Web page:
Season's nasty weather gave us nasty attitudes

February 21, 1994|By JACQUES KELLY

A group of men were throwing dollars on a stand outside the Lexington Market subway stop entrance one day last week. They weren't buying apples.

It was an old-fashioned shell game, with a sleight-of-hand artist making off with George Washingtons faster than the rate the ice was melting.

The game went on a long time. When one group got cleaned out of money, another few guys took their place. People were milling all over Lexington Street as the temperatures were climbing, indicating there was still some life and energy in the human race.

I got to thinking about the Lexington Street con artist. His actions mirrored the tortuous sleight-of-hand tricks of this winter's weather. What looked like just a few inches of snow was in reality ice that has yet to disappear in some shaded cold pockets, such as the persistent one in my back alley.

This winter has played other tricks on the city. Until this past weekend, when the temperatures got out of their subfreezing funk and the city's more normal cool and damp February conditions returned, people I encountered were house-bound and frozen in depressed and foul moods, dispositions as gray as the color of snow mounds piled around the edges of a Ritchie Highway shopping center.

If Baltimoreans were touchy and edgy, blame television's weather prognosticators. This gang of professional downers should be publicly executed. They touted (while wallowing in their 15 minutes of sadomasichism) the arrival of precipitation in ways calculated to make their subjects tremble.

I also blame the reaction to these forecasts: Shoppers who hoard. A neighborhood grocery store where the general tone is pleasant and efficient became testy and scrappy during one of the many weather related grocery buying blitzkriegs.

The place is normally very clean, but the slop from the snow and ice made it less than its usual self. Customers charged along the aisles as if a World War II-vintage buzz bomb were on its way for a target at 33rd Street and Greenmount Avenue.

Whole shelves were stripped of pet food, especially cat food, which is always one of the first commodities to vanish during a spell of foul humor and weather.

All the two-liter bottles of Coca Cola were also early plunder in beverage frenzy. When the delivery man came to replenish the shelves, he parked his truck far out in the street and attempted to roll his hand truck over a snow mound.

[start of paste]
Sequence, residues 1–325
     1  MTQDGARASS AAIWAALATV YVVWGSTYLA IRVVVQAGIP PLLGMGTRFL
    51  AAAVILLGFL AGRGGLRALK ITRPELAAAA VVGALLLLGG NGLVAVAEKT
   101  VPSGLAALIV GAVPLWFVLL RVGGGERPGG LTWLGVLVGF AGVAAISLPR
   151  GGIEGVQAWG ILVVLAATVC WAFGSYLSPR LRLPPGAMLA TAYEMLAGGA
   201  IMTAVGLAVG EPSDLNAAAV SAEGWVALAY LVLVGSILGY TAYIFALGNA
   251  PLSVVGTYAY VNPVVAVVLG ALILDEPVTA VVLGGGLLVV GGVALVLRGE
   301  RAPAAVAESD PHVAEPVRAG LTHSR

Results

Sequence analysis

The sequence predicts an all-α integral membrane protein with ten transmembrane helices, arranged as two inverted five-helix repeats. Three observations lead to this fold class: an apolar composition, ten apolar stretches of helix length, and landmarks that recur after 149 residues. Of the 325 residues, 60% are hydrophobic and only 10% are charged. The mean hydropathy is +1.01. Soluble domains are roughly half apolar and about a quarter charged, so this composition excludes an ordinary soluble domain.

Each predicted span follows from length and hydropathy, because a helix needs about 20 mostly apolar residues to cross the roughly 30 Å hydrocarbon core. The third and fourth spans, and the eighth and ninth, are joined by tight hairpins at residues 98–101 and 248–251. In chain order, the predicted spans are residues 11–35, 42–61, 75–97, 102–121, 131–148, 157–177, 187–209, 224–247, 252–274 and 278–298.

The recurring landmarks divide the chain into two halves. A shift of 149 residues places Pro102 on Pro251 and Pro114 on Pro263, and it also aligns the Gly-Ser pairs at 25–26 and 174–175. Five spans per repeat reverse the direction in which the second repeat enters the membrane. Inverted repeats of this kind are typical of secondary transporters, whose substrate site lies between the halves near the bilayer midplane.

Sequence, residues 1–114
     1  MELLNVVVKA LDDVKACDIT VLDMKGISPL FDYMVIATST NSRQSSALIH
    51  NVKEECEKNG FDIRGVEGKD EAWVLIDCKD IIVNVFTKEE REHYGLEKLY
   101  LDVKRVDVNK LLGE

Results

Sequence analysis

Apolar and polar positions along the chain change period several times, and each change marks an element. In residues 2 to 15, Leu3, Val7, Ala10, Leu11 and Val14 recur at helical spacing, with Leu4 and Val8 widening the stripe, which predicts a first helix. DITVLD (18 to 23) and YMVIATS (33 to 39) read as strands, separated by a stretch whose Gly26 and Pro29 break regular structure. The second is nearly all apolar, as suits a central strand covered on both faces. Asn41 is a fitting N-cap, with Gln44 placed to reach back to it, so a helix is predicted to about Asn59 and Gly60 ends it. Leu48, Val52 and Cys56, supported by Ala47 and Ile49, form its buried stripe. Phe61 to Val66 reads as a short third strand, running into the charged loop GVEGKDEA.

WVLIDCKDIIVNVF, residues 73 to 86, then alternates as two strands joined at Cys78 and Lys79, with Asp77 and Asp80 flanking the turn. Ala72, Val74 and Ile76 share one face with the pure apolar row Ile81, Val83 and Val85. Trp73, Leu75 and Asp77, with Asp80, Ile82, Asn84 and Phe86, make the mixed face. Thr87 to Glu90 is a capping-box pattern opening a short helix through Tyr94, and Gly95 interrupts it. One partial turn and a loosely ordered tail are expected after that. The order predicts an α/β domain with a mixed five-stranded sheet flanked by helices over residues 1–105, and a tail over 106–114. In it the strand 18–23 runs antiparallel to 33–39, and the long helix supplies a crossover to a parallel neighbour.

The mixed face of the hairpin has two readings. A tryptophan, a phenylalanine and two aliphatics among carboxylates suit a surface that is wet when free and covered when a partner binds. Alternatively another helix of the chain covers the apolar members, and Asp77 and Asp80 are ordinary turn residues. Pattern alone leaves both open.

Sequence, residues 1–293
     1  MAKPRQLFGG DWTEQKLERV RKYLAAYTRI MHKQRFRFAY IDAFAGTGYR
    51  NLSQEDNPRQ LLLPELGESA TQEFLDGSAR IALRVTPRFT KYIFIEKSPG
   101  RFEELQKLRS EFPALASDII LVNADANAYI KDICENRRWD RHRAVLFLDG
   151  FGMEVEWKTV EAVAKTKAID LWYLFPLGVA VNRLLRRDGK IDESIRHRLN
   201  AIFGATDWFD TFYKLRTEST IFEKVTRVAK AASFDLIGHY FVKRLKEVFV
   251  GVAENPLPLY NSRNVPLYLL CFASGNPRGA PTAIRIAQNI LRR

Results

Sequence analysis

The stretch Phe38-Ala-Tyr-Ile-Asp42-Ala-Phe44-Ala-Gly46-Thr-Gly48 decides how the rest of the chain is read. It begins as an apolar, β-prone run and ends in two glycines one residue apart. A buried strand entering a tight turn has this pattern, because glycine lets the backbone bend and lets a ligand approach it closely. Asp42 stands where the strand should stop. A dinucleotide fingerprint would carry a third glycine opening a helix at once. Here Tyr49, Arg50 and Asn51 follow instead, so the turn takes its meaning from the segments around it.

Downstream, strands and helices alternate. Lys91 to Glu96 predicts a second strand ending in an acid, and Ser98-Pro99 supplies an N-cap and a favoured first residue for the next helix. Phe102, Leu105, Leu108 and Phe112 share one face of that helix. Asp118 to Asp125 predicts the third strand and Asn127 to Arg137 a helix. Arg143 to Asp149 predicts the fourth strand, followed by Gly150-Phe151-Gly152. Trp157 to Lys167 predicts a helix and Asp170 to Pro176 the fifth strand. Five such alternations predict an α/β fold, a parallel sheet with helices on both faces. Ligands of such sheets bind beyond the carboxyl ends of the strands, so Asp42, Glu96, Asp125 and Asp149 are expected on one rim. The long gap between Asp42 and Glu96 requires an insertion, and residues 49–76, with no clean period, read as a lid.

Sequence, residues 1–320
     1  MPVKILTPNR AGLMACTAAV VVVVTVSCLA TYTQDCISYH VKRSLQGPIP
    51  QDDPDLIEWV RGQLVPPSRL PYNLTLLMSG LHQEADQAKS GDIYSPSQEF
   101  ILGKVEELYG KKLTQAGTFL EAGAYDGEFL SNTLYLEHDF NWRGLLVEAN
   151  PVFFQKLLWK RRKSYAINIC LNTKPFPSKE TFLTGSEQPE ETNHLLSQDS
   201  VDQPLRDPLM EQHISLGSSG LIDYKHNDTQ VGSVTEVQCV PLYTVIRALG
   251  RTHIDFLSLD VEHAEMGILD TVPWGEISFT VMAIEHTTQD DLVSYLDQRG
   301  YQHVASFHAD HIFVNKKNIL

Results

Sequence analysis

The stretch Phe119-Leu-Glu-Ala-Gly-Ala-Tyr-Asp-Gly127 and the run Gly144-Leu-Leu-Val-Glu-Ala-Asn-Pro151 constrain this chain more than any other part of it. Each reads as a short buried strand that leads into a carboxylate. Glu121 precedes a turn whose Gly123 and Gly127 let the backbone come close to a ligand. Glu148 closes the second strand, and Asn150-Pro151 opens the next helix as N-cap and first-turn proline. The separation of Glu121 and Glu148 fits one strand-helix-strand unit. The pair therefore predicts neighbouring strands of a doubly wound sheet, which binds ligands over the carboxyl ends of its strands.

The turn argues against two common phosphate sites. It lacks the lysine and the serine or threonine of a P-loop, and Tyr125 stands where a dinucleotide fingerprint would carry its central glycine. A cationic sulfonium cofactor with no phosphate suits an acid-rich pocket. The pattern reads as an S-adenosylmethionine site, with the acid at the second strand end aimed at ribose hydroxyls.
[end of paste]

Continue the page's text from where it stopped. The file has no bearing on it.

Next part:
After several tries, it upset. Plastic Coke bottles were rolling everywhere. Do you think people stopped to help the driver reassemble his shipment? No. They reacted by ignoring his predicament. A few minutes later they wanted to know why there wasn't any Coke on the shelves.

I always admired what I thought was one of Baltimore's best characteristics: Its lack of attitude. Well, the winter of 1993-94 has tested that to the breaking point. All these weather tricks are bringing out bad moods and manners.

Another downer is the late February filth deposit that snow, ice and air pollution leave behind. I have a pair of black shoes simply caked with salt. My main winter coat has been to the dry cleaners twice since New Year's. I noticed by the lines at the dry cleaners that my neighbors wanted to be rid of wearing slush splashes across their foul-weather garb.

Just walk down a street. The sidewalks will be covered with the accumulated grit of sand, salt, chemicals and winter fallout. I'd like to own a car wash in the next few weeks.

It's enough to make anyone cry.

At least the temperatures have gone balmy in the past few days. A yellow crocus popped out in full bloom in my neighbor's front yard yesterday. I walked over to examine this botanical miracle of hope and springtime promise, but then nature played another trick on me.

The crocus was under a mature locust tree whose branches arch over the property lines. As I was walking down my front walk, the corner of my eye caught sight of a falling object. At first I thought it was a chunk of melted ice, then looked at the sidewalk and saw a small smashed creature. At first it seemed to be a minutes-old baby bird that had fallen from a nest. But this was no bird. It was either a baby squirrel or rat dropped by one of the pest crows that lights atop the locust tree.

"Hummm," I thought. "This is the last straw of the season. It's raining rodents."

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